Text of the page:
Hello-hello! Happy Father’s Day! Well, actually, I doubt many fathers are reading this, so, um, children, do something nice for your dad today. (:
Last month I decided to do my Mother’s Day post solo; today, Father’s Day, I have the honor of writing with Anna and Joelle! This blog collaboration is different from my last collab, where we posted each other’s pieces as well as our own.
We have each decided to pick a song, and write a note to/about our fathers based on it.
I chose Not All Heroes Wear Capes by Owl City. (Spotify link: here.) Not All Heroes Wear Capes by Owl City (of Adam Young) has been a classic for Father’s Day in my family for years. My family’s been a big fan of Owl City for most of my life. It’s only fitting, I think, that this song takes the stage now.
Adam Young is a master at making songs that sound and feel reminiscent, soft, and bittersweet, and that especially plays true in Not All Heroes Wear Capes. The song is explicitly about his dad, who, as Adam sings, is his hero.
Before you continue, listen to the song.
Verse 3: My dad isn’t a mechanic, but in the yard with treehouses and stone paths, with our house full of home-made beds, desks, shelves. . . “he can [build] just about anything.”
Verse 2: He’s a pastor, and thus not quite “a man of few words,” but he uses them incredibly. I’ve always had mixed thoughts about his career, and what that means for us Amadors. It has its benefits and trials, but I have this final conclusion. . . I’m so glad to have a dad after God’s own heart.
The Chorus: I mentioned above that “he built [his kids] a house in the arms of a tree,” a treehouse. He’s always done so much for us, and you can see just a sample of that by looking at our full backyard. Really, just look at his playlists! From what I know, he loves U2 (and Coldplay?) best, but his Apple Music is full of songs he added just because he knew we loved them, or we asked. Rap, hip-hop, country, Contemporary Christian, pop, rock, instrumental, you name it.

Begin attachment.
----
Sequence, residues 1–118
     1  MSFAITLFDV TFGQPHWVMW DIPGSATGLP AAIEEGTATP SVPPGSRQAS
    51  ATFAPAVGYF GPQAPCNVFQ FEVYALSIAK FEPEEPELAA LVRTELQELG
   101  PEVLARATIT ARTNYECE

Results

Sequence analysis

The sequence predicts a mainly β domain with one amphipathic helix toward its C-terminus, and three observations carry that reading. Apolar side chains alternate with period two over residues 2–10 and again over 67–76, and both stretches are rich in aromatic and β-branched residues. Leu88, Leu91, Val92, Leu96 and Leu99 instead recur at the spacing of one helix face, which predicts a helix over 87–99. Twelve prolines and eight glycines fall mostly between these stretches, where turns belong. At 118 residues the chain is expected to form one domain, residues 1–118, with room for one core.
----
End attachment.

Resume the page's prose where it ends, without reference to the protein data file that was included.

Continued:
He’s not perfect, but I see my dad try hard to invest in all his eight kids’ lives and dreams. If you’re wondering—yeah, that definitely means he’s often encouraging me in my writing.
“He[’s teaching] me how to drive, fight, and dream.” I mentioned dreams above. As for fighting, literally speaking: all throughout my childhood, we kids (my brothers and I, often our sisters too) spent time wrestling throughout the upstairs bedrooms. I’ll always treasure those memories.
Figuratively, he’s been teaching me to fight through life. Fight through the difficulties, do hard things. I’d be much more of a coward without him firmly pushing me forward.
He’s taken me out to learn to drive only a few times, but we do plan on going out more often.
“When he looks in my eyes, I hope he can see that / my dad’s a hero to me.” Funny thing, the looking-in-eyes, thing. I can be shy, and I’m short, so often I would not look into adults’ eyes when talking to them. He’d always instruct me to look directly into their eyes; I’ve been practicing, and I’m much better at eye contact now, onstage and one-on-one. *nods*
My dad and I don’t have a perfect relationship. We disagree, get frustrated, and I often struggle to communicate certain things with him. But, papá, you are an inspiration, and I know that I’m so blessed to have a dad like you. Thanks for all you do, and happy Father’s Day! 😄
With God’s help,